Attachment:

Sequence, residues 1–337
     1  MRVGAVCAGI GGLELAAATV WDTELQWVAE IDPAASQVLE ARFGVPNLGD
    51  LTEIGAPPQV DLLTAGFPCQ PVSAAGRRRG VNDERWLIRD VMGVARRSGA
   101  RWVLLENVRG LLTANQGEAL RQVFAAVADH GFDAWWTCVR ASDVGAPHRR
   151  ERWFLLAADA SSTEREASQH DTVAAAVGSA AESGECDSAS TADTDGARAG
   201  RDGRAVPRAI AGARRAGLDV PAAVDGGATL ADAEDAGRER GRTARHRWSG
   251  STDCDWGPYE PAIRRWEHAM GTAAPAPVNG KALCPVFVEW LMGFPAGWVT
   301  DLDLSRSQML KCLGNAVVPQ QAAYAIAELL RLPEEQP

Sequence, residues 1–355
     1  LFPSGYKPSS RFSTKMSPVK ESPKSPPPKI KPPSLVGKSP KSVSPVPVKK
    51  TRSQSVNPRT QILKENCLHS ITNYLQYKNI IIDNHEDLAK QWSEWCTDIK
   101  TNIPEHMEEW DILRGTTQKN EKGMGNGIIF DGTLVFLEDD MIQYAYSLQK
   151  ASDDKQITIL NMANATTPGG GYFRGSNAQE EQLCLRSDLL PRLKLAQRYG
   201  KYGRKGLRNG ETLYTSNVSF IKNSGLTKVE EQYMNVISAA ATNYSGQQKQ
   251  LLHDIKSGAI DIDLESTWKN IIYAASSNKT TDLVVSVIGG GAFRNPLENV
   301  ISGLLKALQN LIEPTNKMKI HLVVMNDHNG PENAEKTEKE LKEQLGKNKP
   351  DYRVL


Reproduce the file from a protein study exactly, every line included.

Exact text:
Sequence, residues 1–337
     1  MRVGAVCAGI GGLELAAATV WDTELQWVAE IDPAASQVLE ARFGVPNLGD
    51  LTEIGAPPQV DLLTAGFPCQ PVSAAGRRRG VNDERWLIRD VMGVARRSGA
   101  RWVLLENVRG LLTANQGEAL RQVFAAVADH GFDAWWTCVR ASDVGAPHRR
   151  ERWFLLAADA SSTEREASQH DTVAAAVGSA AESGECDSAS TADTDGARAG
   201  RDGRAVPRAI AGARRAGLDV PAAVDGGATL ADAEDAGRER GRTARHRWSG
   251  STDCDWGPYE PAIRRWEHAM GTAAPAPVNG KALCPVFVEW LMGFPAGWVT
   301  DLDLSRSQML KCLGNAVVPQ QAAYAIAELL RLPEEQP

Sequence, residues 1–355
     1  LFPSGYKPSS RFSTKMSPVK ESPKSPPPKI KPPSLVGKSP KSVSPVPVKK
    51  TRSQSVNPRT QILKENCLHS ITNYLQYKNI IIDNHEDLAK QWSEWCTDIK
   101  TNIPEHMEEW DILRGTTQKN EKGMGNGIIF DGTLVFLEDD MIQYAYSLQK
   151  ASDDKQITIL NMANATTPGG GYFRGSNAQE EQLCLRSDLL PRLKLAQRYG
   201  KYGRKGLRNG ETLYTSNVSF IKNSGLTKVE EQYMNVISAA ATNYSGQQKQ
   251  LLHDIKSGAI DIDLESTWKN IIYAASSNKT TDLVVSVIGG GAFRNPLENV
   301  ISGLLKALQN LIEPTNKMKI HLVVMNDHNG PENAEKTEKE LKEQLGKNKP
   351  DYRVL